“We’ve been negotiating for a long time, and they don’t accept our requests,” she said. “I’m 71 years old and still have to work.”

Last week, Wu filed an ordinance that would attempt to give hourly workers more protection as it pertains to predictable, consistent scheduling, an issue raised throughout the strike.

“Overall, we are at a point in our country’s economy and politics, where more and more workers are part-time, without benefits, and trying to balance multiple jobs in order to make everything work,” Wu said. “And when you introduce the ability of corporations and companies to change schedules at the last second, that really throws everything up into the air.”

Marriott has said it does not conduct negotiations in the press.

190th Session Recap: Human Rights

190th Session Recap: Human Rights


H.1190 – An Act relative to abusive practices to change sexual orientation and gender identity in minors

  • Jay was a co-sponsor and advocate for this bill.
  • The bill prohibits health care providers (including but not limited to physician, psychologist, social worker, nurse, or allied mental health and human services professional, including marriage and family therapist, rehabilitation counselor, mental health counselor, or educational psychologist) from advertising for or engaging in efforts that attempt or purport to impose change on the sexual orientation or gender identity of a patient less than 18 years of age.

Outcome: This bill was passed by the House in June 2018 and by the Senate in the last moments of the legislative session on July 31, 2018.  Jay hopes that it will receive final enactment in the informal sessions that will happen now until the start of next term.
To read the full text of the House bill, click here.

S.2260 – An Act negating archaic statutes targeting young women (NASTY Women’s Act)

  • Jay was a co-sponsor and advocate for this bill.
  • Strikes requirement that abortions performed after the thirteenth week of pregnancy be performed in a hospital (unconstitutional via Eisenstadt v. Baird, 405 U.S. 438 (1972)).
  • Repeals:
    • Criminalization of adultery
    • Criminalization of fornication
    • Criminalization of procuring a miscarriage
    • Criminalization of advertisement of abortion services
    • Criminalization of selling or giving away instruments or drugs to cause abortion
  • Removes restriction limiting contraception access to only married couples (unconstitutional via Akron v. Akron Center for Reproductive Health, 62 U.S. 416 (1983).).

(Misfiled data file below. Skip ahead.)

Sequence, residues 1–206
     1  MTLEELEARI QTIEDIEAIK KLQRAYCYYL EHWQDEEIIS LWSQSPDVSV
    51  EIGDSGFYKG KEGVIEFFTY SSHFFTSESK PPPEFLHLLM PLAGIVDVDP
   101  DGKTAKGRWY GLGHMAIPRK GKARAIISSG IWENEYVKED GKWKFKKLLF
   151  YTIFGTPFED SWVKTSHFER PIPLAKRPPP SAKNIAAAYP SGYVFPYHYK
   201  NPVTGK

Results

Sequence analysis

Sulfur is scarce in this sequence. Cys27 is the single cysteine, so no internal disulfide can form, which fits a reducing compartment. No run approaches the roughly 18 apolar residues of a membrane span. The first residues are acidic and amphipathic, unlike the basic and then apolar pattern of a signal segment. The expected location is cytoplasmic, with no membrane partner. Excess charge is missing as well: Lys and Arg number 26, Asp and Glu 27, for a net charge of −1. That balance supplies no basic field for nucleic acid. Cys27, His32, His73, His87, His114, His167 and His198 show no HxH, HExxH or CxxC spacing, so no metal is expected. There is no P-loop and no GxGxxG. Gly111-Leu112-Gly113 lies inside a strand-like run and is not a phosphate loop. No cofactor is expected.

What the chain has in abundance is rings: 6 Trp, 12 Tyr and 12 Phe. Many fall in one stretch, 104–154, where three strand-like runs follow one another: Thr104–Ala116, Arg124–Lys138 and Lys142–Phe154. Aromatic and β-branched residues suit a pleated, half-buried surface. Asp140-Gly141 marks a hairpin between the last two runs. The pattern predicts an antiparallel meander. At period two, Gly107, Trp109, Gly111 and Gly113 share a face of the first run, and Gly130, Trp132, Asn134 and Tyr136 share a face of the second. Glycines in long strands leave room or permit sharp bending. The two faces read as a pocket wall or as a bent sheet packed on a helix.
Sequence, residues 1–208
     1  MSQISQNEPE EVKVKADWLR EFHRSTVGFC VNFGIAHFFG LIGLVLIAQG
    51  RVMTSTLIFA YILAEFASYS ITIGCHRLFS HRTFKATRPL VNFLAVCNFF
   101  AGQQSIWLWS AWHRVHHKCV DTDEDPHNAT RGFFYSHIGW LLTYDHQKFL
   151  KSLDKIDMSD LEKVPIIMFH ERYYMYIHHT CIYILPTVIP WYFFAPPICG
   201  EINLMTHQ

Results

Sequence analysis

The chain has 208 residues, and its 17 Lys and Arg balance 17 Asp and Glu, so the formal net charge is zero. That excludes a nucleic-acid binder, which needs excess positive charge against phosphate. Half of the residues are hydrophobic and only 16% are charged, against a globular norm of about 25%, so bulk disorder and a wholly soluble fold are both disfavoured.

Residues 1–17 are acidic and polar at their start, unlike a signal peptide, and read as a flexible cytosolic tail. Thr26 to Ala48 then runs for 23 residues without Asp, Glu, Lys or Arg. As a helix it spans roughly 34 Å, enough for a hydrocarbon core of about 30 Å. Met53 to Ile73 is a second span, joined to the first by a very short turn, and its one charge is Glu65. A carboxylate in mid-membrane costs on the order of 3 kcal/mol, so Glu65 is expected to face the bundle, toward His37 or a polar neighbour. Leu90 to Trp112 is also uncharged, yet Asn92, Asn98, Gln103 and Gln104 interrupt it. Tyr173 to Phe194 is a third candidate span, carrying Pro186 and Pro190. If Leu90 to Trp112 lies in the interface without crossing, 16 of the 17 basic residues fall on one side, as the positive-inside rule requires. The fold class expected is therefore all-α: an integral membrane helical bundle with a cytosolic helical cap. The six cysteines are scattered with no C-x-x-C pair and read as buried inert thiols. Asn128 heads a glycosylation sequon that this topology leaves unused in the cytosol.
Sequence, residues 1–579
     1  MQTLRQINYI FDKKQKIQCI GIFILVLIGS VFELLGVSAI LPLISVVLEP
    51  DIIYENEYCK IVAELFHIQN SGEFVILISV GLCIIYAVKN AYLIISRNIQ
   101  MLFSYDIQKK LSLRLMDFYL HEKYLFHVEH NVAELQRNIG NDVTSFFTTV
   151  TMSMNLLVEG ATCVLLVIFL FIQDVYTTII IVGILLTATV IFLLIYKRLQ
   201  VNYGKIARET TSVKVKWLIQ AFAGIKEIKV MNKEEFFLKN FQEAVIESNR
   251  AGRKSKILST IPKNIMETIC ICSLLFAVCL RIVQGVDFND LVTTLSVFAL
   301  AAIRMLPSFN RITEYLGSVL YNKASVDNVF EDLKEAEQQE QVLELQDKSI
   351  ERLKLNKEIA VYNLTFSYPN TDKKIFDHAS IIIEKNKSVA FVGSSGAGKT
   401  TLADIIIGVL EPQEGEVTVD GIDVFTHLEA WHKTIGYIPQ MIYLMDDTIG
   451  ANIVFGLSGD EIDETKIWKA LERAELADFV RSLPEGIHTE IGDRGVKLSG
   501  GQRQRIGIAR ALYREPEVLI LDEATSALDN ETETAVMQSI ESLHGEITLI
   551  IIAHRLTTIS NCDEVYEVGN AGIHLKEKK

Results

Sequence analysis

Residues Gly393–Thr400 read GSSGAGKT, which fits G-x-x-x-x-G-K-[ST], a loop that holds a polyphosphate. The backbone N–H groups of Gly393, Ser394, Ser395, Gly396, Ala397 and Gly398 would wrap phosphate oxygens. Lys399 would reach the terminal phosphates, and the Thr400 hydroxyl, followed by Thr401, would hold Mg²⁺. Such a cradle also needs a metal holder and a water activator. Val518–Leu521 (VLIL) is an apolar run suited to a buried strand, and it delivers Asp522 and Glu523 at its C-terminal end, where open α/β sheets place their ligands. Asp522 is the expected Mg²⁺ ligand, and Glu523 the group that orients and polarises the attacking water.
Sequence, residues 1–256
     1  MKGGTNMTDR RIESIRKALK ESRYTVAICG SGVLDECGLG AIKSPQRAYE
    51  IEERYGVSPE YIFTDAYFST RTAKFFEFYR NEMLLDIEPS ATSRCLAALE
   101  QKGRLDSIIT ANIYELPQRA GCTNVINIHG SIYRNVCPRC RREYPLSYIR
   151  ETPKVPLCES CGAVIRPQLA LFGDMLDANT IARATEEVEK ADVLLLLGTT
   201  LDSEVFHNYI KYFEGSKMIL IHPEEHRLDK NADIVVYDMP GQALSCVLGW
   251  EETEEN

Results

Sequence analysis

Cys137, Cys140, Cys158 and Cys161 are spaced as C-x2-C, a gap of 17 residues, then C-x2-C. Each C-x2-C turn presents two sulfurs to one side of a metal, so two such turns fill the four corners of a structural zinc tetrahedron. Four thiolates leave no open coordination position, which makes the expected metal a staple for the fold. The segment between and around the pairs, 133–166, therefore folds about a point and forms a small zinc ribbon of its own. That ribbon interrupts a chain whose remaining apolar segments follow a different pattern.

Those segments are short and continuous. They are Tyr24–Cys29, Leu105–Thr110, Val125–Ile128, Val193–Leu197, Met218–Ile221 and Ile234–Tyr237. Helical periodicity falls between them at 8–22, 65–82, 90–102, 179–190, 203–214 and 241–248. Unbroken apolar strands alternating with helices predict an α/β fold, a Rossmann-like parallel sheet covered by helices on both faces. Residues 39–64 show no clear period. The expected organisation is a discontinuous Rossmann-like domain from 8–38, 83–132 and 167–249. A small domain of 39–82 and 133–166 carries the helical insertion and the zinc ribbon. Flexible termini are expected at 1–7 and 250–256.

Outcome: This bill passed in the House and Senate and was signed into law by the Governor.
To read the full text of the bill, click here

H.1110 – An Act Establishing Three New Commissions on the Status of Women and Girls

  • Jay voted in favor of this legislation.
  • The Eastern Regional Commission will conduct an ongoing study of all women’s matters within those communities and report its findings annually to the Commission on the Status of Women. The Regional commission will recommend solutions to the identified problems.
  • The Eastern Regional Commission consists of 9 people appointed by the Commission on the Status of Women from communities around Massachusetts.

Outcome: This bill passed in the House and Senate and was signed into law by the Governor.
To read the full text of the bill, click here

H.36380 – An Act establishing the Massachusetts Pregnant Workers Fairness Act

  • Jay was a co-sponsor and advocate for this bill.
  • Adds pregnancy and  pregnancy related conditions, including lactation and expressing breast milk, to the list of qualifiers employers cannot discriminate against
  • Prevents employers from denying reasonable accommodations for pregnancy or pregnancy related conditions
  • Prevents employer from refusing to hire a pregnant person because of the pregnancy or a pregnancy related condition
  • Includes a non-exhaustive list of reasonable accommodations:
    • More frequent/longer paid/unpaid breaks
    • Time off to recover from childbirth (paid or unpaid)
    • Seating
    • Temporary transfer to a less strenuous position
    • Job restructuring
    • Light duty
    • Private non-private space for expressing breast milk
    • Assistance with manual labor
    • Modified work schedules

Outcome:This bill passed in the House and Senate and was signed into law by the Governor.
To read the full text of the bill, click here.

State Senate primary is today; DA race widens

Updated April 3, 2018 — A milestone is looming during a busy election season in Suffolk County. State Rep. Nick Collins will be unopposed in the April 3 Democratic primary as he seeks to fill a vacancy in the First Suffolk Senate seat.